Defining Diabetes

Diabetes mellitus is a group of metabolic disorders in which a person has high blood sugar levels. It occurs either because the pancreas does not produce enough insulin, or because the body does not respond appropriately to the insulin that is produced. Insulin is the hormone that converts sugar into energy for the body. There are several forms of diabetes.

Type 1 diabetes occurs when the pancreas does not produce adequate levels of insulin. It usually develops during childhood or adolescence; however, it can also occur in adults. Those with type 1 diabetes must take insulin injections. About 10 percent of those with diabetes have type 1.

Type 2 diabetes is the most common type of diabetes, affecting about 90 percent of those with diabetes. It is caused by the combination of the body’s resistance to insulin (not using its own insulin efficiently) and the pancreas not producing enough insulin. As a result, there is an increase in the level of sugar, or glucose, in the blood.

Gestational diabetes occurs in pregnant woman who have not previously had diabetes but whose blood sugars become elevated during pregnancy. In many patients, their blood sugars will return to normal after the pregnancy is over. Placental hormones make the mother resistant to insulin, causing a buildup of blood sugars. These women are at high risk for type 2 diabetes later on in their lives.

Diabetic Retinopathy: An Overview

diabetic retinopathy
Anyone with uncontrolled diabetes is at risk for developing diabetic retinopathy. According to the National Eye Institute, between 40 to 45 percent of Americans with diabetes have some form of diabetic retinopathy, the most common eye condition associated with diabetes.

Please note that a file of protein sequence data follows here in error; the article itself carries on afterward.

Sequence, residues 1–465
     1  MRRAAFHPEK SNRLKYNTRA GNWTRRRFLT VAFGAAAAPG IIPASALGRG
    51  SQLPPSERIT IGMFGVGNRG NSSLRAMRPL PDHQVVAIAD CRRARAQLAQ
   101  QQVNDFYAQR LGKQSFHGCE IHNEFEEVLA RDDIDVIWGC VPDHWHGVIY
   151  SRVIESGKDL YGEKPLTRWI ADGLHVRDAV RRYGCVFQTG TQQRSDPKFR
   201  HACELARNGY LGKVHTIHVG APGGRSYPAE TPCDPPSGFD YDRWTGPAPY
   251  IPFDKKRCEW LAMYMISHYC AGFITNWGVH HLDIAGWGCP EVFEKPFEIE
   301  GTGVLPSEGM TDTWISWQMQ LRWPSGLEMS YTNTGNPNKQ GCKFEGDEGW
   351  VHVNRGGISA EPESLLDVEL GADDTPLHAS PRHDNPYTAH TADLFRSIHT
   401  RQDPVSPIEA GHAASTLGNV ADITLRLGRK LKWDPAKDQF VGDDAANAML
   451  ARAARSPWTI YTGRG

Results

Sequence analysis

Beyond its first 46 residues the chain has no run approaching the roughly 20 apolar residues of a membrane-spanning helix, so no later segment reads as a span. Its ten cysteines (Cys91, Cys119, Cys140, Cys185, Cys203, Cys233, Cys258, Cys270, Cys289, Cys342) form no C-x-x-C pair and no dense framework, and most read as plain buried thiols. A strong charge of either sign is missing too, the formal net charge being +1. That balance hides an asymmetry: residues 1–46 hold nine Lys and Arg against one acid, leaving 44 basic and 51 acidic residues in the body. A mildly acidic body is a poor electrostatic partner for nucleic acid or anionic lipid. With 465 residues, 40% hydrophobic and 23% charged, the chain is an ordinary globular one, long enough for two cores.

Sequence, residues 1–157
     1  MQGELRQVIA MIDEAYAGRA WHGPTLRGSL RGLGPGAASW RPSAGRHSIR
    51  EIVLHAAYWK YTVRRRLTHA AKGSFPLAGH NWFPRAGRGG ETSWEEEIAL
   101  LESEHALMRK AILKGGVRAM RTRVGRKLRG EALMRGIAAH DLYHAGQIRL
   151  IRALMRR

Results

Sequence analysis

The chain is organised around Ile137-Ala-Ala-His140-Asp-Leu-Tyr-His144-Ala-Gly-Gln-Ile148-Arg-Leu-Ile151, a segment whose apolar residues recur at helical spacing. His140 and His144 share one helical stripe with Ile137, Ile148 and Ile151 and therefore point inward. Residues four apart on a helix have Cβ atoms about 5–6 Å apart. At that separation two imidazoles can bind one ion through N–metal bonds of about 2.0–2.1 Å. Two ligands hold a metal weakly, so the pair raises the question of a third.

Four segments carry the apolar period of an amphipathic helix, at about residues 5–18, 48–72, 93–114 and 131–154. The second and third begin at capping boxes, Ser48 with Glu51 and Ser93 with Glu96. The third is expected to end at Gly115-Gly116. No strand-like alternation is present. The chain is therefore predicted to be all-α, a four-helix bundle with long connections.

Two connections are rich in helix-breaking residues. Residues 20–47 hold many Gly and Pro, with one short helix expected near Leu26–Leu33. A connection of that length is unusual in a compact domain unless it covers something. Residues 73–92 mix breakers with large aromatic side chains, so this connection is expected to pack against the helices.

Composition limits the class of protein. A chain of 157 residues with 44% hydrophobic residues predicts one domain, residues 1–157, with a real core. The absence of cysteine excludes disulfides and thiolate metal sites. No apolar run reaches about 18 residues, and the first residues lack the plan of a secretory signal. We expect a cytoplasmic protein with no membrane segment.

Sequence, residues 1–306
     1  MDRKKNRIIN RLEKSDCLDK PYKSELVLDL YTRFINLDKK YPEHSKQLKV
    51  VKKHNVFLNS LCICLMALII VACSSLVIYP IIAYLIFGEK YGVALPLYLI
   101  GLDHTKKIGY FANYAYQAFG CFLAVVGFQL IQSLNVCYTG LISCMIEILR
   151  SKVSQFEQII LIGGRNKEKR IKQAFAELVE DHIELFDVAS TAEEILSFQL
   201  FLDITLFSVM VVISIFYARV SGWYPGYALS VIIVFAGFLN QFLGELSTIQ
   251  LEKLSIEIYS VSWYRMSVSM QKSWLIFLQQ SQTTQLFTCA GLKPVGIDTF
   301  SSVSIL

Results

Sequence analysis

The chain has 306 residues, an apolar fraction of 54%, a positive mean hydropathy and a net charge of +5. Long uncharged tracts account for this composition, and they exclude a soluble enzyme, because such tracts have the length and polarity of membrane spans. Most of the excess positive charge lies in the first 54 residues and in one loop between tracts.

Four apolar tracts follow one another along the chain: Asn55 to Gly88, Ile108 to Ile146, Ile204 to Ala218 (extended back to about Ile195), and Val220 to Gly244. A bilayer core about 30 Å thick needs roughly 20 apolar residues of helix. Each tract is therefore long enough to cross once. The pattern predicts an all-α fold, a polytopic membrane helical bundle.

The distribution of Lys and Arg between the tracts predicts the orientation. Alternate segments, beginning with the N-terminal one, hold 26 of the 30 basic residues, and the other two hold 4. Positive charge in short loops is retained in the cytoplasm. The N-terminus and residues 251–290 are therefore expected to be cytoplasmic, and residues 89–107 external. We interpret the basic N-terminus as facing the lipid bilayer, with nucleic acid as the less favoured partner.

In the United States, the Centers for Disease Control and Prevention reports between 12,000 and 24,000 new cases of blindness each year due to diabetic retinopathy, making it the leading cause of vision loss among American adults, ages twenty to seventy-four. The Center also projects that by 2050, the number of Americans age forty and older with diabetic retinopathy will grow from a current 5 million individuals to about 16 million. Although these statistics are alarming, you can prevent or delay damage to your vision by controlling your diabetes, along with obtaining regular eye evaluations and treatment.

Defining Diabetic Retinopathy
Diabetic retinopathy is a disease affecting the retina, caused by elevated blood sugar levels. It usually affects both eyes and occurs when uncontrolled blood sugar levels damage the small vessels of the retina, the light-sensitive tissue in the back of your eye. The retina is responsible for processing images that make vision possible. To produce clear, distortion-free vision, the retina must lie completely flat. If the delicate retinal tissue is damaged, images that you see may be blurred or distorted.

Diabetic retinopathy is a progressive disease, and thus worsens over time. Although some effects, such as blurriness and distortions, may be mild or subtle, the long-term consequences can cause severe vision loss.

Symptoms of Diabetic Retinopathy

Because diabetic retinopathy rarely causes pain, symptoms are not always apparent in the earliest stages. In fact, damage to your retina could be occurring long before you have noticeable signs. When symptoms do occur, they’re often caused by retinopathy affecting the macula, the area at the center of the retina. Symptoms may include the following:

• blurred vision

• seeing dark spots or “floaters” (small specs in your field of vision)

• decreased night vision

• vision loss

• problems seeing colors

It’s important that you see your eye specialist immediately if you have any such symptoms. Diabetic retinopathy cannot be cured, but with careful monitoring, it can be diagnosed and treated, before your vision is impaired. The treatment is typically less invasive and more effective when diagnosed at an earlier stage, before permanent damage has occurred.

How the Retina Works

The retina is made up of specialized nerve tissue that contain microscopic receptors (called cones and rods) and other nerve cells that line the back of the eyeball.

These cells carry signals (images that we see) along the optic nerve to a special area of the brain, where they’re interpreted into what we perceive as sight. You might compare the retina to film in a camera—the film delivers the photo image that the camera captures.

There are two main areas of the retina that can be damaged by diabetic retinopathy: